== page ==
Which isn’t to say it’s been pretty.  Mark routinely tells me to get a new computer when yelps of frustration, constant whining and pretend crying issue forth from my mouth as I’m trying to update a spreadsheet in a timely fashion (aka in fewer than 2 hours please).

I tried to get it fixed, to make it run faster.  Really I tried.

I took it to the Geek Squad at Best Buy and said, “Fix it!”  No, just kidding, I said, I need you to check this for viruses and install an updated operating system so this computer runs faster, as well as some anti-virus software.  Also, I said, since I’ve updated the operating system on my iPhone (THANKS SIS) it no longer syncs with my computer and I can’t get my pictures off the phone.  They said sure.

No viruses, BUT then they tell me they don’t sell that particular Mac OS at Best Buy.  So I took the computer, went to the Apple store.  They said they don’t sell it there either!! WTF.  BUT you can buy it online and wait with the computer in the store while the new OS downloads.  And who knows how long that will take.  No thanks.  I ordered it online, got the disk in the mail, and took everything back to Best Buy.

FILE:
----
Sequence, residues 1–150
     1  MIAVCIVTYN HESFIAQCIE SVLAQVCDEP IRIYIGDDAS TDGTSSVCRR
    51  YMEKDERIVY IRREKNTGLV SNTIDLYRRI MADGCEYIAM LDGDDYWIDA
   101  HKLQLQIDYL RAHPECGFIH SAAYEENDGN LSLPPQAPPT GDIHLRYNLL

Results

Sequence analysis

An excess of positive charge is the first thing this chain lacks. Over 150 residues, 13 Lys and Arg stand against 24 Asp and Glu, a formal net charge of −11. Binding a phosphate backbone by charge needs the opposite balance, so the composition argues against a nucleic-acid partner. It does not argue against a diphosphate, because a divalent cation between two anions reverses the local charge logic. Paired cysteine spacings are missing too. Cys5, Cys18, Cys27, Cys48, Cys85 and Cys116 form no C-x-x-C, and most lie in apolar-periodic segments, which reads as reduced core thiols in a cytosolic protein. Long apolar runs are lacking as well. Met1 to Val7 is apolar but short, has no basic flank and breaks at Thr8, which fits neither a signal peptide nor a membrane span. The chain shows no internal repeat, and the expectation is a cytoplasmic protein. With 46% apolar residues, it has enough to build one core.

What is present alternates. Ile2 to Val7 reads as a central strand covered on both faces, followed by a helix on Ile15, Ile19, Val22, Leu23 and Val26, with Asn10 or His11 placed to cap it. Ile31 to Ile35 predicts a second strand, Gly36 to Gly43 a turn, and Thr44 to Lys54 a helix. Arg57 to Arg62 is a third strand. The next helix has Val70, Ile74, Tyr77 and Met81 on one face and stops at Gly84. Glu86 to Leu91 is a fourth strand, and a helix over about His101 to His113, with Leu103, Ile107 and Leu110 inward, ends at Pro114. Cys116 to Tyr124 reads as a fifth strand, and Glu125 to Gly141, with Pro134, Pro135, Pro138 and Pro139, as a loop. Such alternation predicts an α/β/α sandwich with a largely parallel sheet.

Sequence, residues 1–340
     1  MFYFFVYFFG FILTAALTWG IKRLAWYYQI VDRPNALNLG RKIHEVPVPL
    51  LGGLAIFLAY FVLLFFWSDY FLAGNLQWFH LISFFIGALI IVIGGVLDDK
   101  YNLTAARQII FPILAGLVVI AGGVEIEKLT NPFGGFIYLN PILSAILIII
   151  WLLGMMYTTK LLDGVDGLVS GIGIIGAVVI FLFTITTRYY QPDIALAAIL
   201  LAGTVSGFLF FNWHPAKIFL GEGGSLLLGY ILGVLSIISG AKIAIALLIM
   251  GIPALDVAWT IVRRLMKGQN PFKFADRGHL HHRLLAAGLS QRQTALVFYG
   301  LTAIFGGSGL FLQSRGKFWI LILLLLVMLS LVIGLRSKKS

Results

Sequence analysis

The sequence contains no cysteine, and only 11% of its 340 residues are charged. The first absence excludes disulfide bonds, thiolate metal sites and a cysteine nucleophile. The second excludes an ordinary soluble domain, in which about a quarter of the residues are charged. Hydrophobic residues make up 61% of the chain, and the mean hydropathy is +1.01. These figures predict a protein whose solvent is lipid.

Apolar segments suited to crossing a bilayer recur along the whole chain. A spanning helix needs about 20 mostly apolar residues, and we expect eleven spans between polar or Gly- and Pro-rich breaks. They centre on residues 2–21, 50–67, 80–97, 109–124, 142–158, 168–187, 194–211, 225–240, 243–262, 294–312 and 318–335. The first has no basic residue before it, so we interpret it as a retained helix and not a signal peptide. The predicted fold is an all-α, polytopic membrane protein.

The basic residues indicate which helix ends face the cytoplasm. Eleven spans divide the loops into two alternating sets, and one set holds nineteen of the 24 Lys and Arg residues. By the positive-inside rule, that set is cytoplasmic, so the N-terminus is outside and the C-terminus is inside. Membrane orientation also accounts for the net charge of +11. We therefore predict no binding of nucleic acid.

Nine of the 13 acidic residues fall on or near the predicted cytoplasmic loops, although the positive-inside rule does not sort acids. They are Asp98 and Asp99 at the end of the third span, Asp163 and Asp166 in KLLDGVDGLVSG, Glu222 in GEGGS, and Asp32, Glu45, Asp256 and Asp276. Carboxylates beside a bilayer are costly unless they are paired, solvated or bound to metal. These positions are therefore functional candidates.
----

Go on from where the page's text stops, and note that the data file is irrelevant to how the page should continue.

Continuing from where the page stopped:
So great – new OS installed.  Problem: iPhoto has somehow been deleted from the computer.  Apparently now it is a pay app.  I could call up Apple and tell them that I used to have it but it got wiped so I should get to download it for free again.  But no, I’m clearly not going to waste my time doing that.  UGH.  Oh, and also, this anti-virus software is too new to be installed on this computer.  Oh, and also, your battery is somehow bulging so that it doesn’t sit flush and that’s why the computer has to be plugged in.  But fundamentally, the battery is fine.  In fact, it’s all charged up!

I’m living with using Preview to download my pics.  I just have to try to edit them all on the phone before downloading them (this really only means cropping as I don’t actually have any photoshopping apps on my phone).  I’m living with the still-slow-despire-the-new-OS internet and file opening.  I’m looking at docx and xlsx files on my phone.